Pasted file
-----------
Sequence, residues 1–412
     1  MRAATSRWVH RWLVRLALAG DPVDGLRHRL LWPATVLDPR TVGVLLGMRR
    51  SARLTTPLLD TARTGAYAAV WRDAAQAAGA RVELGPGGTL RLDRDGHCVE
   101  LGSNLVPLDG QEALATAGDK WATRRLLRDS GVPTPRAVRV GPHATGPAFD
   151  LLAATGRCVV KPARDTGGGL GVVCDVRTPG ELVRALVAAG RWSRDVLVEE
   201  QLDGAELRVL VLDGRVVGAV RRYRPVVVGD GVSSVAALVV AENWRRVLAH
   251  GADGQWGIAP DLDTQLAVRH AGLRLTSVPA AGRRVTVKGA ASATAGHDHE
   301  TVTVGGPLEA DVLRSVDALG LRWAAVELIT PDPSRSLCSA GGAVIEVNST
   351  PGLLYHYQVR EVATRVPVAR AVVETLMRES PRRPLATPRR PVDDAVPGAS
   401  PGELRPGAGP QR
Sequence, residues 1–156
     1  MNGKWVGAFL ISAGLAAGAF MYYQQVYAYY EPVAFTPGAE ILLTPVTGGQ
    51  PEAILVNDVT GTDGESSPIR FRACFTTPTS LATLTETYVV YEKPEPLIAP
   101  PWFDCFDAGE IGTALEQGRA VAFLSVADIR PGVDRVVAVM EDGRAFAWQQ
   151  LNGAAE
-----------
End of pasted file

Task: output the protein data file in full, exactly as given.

Sequence, residues 1–412
     1  MRAATSRWVH RWLVRLALAG DPVDGLRHRL LWPATVLDPR TVGVLLGMRR
    51  SARLTTPLLD TARTGAYAAV WRDAAQAAGA RVELGPGGTL RLDRDGHCVE
   101  LGSNLVPLDG QEALATAGDK WATRRLLRDS GVPTPRAVRV GPHATGPAFD
   151  LLAATGRCVV KPARDTGGGL GVVCDVRTPG ELVRALVAAG RWSRDVLVEE
   201  QLDGAELRVL VLDGRVVGAV RRYRPVVVGD GVSSVAALVV AENWRRVLAH
   251  GADGQWGIAP DLDTQLAVRH AGLRLTSVPA AGRRVTVKGA ASATAGHDHE
   301  TVTVGGPLEA DVLRSVDALG LRWAAVELIT PDPSRSLCSA GGAVIEVNST
   351  PGLLYHYQVR EVATRVPVAR AVVETLMRES PRRPLATPRR PVDDAVPGAS
   401  PGELRPGAGP QR
Sequence, residues 1–156
     1  MNGKWVGAFL ISAGLAAGAF MYYQQVYAYY EPVAFTPGAE ILLTPVTGGQ
    51  PEAILVNDVT GTDGESSPIR FRACFTTPTS LATLTETYVV YEKPEPLIAP
   101  PWFDCFDAGE IGTALEQGRA VAFLSVADIR PGVDRVVAVM EDGRAFAWQQ
   151  LNGAAE